From JDSupra, Barry Miller,, Molly Mooney,, and Alison Silveira discuss a bill in the Massachusetts legislature that might have draconian effects on Massachusetts employers. The bill would increase an employer’s liability for allegations of wage theft, expands an employer’s liaibility for employees of subcontractors and partners, and creates a private enforcement mechanism. Barry, Molly and Alison write:
In 2008, the Massachusetts legislature cracked down on employers who violate the Commonwealth’s wage laws by imposing mandatory treble damages and attorneys’ fees for any violation, with no leniency for good faith errors. Earlier this month, the SJC doubled down on this enforcement regime, finding that such treble damages and fees apply even where the violation is remediated voluntarily by the employer, without the need for litigation. To date, no other state in the country has adopted such a stringent approach to enforcement of wage and hour laws. But the Massachusetts legislature is not content to stop there.
In January 2021, the House introduced a Bill entitled An Act to Prevent Wage Theft, Promote Employer Accountability, and Enhance Public Enforcement (House 1959). The Bill was referred to the Committee on Labor & Workforce Development. Following a public hearing last summer, the Committee favorably reported the Bill on April 4, 2022. The revised bill (House 4681) is now pending before the Committee on House Ways & Means. Absent significant alterations, its potential impact on employers and businesses across the Commonwealth cannot be understated.
Wage Theft and “Employer” Accountability. . .
The primary focus of the pending Bill is to define any violation of the Commonwealth’s wage payment laws (including the Prevailing Wage Statute, the Wage Act, the Independent Contractor Statute, the Tip Statute, and the Minimum Fair Wage Law) as “Wage Theft,” and expand liability for such Wage Theft well beyond direct employers. Under the Bill, once Wage Theft has occurred, not only the employer will be liable for the unpaid wages (inclusive of treble damages and attorneys’ fees), but so might any other entity to which that employer provides labor or services, irrespective of their involvement in, knowledge of, or control over the employer’s wage payment practices. In effect, the Bill could create a statutory definition of joint employer that plaintiffs may attempt to use to circumvent the economic realities test for joint employer status announced by the SJC in Jinks v. Credico.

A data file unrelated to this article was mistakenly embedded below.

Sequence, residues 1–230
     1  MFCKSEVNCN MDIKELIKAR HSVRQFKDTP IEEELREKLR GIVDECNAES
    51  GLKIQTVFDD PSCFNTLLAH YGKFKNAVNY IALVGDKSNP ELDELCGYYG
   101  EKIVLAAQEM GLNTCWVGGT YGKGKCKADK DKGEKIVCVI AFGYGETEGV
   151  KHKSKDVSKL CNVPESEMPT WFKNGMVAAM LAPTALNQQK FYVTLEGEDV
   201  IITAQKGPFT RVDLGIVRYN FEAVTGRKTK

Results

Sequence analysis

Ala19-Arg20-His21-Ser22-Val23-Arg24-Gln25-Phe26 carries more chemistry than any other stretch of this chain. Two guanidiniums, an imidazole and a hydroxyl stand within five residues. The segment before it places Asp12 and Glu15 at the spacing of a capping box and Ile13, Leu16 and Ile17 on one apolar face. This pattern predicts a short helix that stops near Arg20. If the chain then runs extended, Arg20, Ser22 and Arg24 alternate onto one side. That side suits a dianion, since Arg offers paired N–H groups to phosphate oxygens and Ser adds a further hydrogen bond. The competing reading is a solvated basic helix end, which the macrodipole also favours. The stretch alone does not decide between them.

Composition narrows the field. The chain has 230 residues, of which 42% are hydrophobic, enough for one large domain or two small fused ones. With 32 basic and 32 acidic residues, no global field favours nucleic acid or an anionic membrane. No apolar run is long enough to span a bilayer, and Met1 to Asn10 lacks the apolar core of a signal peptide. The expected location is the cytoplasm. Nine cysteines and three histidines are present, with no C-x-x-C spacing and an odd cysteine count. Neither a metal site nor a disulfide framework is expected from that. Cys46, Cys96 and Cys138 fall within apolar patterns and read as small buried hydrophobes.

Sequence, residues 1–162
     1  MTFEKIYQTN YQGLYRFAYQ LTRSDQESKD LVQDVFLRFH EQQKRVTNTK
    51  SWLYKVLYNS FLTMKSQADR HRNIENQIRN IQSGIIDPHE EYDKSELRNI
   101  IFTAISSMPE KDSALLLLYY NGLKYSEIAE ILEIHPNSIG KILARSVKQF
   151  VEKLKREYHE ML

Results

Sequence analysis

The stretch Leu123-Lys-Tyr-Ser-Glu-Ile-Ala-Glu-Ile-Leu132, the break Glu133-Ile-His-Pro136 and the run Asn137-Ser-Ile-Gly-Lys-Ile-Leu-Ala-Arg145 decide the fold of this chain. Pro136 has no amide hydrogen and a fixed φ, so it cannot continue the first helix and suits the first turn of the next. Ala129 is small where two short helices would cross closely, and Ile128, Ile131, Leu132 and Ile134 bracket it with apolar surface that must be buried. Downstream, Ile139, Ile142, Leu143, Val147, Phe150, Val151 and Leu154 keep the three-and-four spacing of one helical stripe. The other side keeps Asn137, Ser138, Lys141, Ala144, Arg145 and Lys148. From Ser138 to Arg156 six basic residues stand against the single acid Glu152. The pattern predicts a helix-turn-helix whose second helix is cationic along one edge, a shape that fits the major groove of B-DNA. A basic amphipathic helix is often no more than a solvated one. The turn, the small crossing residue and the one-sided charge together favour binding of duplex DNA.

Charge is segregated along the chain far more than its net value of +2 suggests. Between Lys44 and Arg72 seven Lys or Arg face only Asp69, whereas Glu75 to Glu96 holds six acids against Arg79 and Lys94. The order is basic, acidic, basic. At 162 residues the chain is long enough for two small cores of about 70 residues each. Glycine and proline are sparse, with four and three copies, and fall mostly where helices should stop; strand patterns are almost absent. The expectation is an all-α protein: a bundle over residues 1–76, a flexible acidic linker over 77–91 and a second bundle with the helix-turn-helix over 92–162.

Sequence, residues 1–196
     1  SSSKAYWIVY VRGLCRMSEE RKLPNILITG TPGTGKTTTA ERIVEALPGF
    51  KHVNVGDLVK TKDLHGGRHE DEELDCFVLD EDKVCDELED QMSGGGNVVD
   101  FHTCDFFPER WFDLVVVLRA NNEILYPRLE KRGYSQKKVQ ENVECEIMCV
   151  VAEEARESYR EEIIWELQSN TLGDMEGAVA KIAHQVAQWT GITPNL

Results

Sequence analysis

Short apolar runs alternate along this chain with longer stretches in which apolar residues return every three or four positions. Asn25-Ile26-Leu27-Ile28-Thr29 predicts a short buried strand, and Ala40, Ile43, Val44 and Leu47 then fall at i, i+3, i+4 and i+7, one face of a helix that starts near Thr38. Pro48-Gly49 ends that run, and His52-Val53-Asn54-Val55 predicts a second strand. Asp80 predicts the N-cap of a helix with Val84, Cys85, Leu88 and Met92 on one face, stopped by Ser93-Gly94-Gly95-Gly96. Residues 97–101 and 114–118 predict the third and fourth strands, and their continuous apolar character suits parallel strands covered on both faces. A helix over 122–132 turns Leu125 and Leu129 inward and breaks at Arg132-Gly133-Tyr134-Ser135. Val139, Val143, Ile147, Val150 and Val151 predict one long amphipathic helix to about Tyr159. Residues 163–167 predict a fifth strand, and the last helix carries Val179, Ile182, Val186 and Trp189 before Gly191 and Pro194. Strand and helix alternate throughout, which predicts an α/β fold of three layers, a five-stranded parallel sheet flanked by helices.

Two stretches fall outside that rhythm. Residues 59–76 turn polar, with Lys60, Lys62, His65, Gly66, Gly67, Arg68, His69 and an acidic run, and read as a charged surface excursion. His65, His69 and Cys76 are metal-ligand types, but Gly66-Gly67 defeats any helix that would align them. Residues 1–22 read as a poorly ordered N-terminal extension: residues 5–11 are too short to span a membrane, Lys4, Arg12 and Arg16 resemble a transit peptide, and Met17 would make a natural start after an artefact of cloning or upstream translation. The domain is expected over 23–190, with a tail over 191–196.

Monetary liability would not be the only enforcement mechanism for Wage Theft. The Bill also provides a powerful new enforcement mechanism to the Attorney General’s office. If the Attorney General finds evidence of wage theft, the Bill authorizes it to issue a Stop Work Order requiring cessation of all business operations at the specific place of employment where the violation occurred on just 5 days’ notice. The Bill contains an avenue for a business to appeal from the Stop Work Order, but the business must act promptly to appeal in order to avoid a facility shut down. In the event that a Stop Work Order takes effect, impacted workers must be paid (even though they are performing no work) at their regular rate for the period of the Stop Work Order or first 10 business days when they would have been scheduled to work, whichever is less.
While there is no good news in this Bill for businesses that rely on partners or subcontractors to supply labor or services, vicarious liability for wage violations created by such business partners is limited to a period of 120 days (as opposed to 3 years for direct liability under the Wage Act). Further, a prompt investigation and response may alleviate those businesses of the added burdens of treble damages and attorneys’ fees. But this is hardly a consolation prize, given the number of entities that will be on the hook for wage payment violations of their business partners if the Bill passes.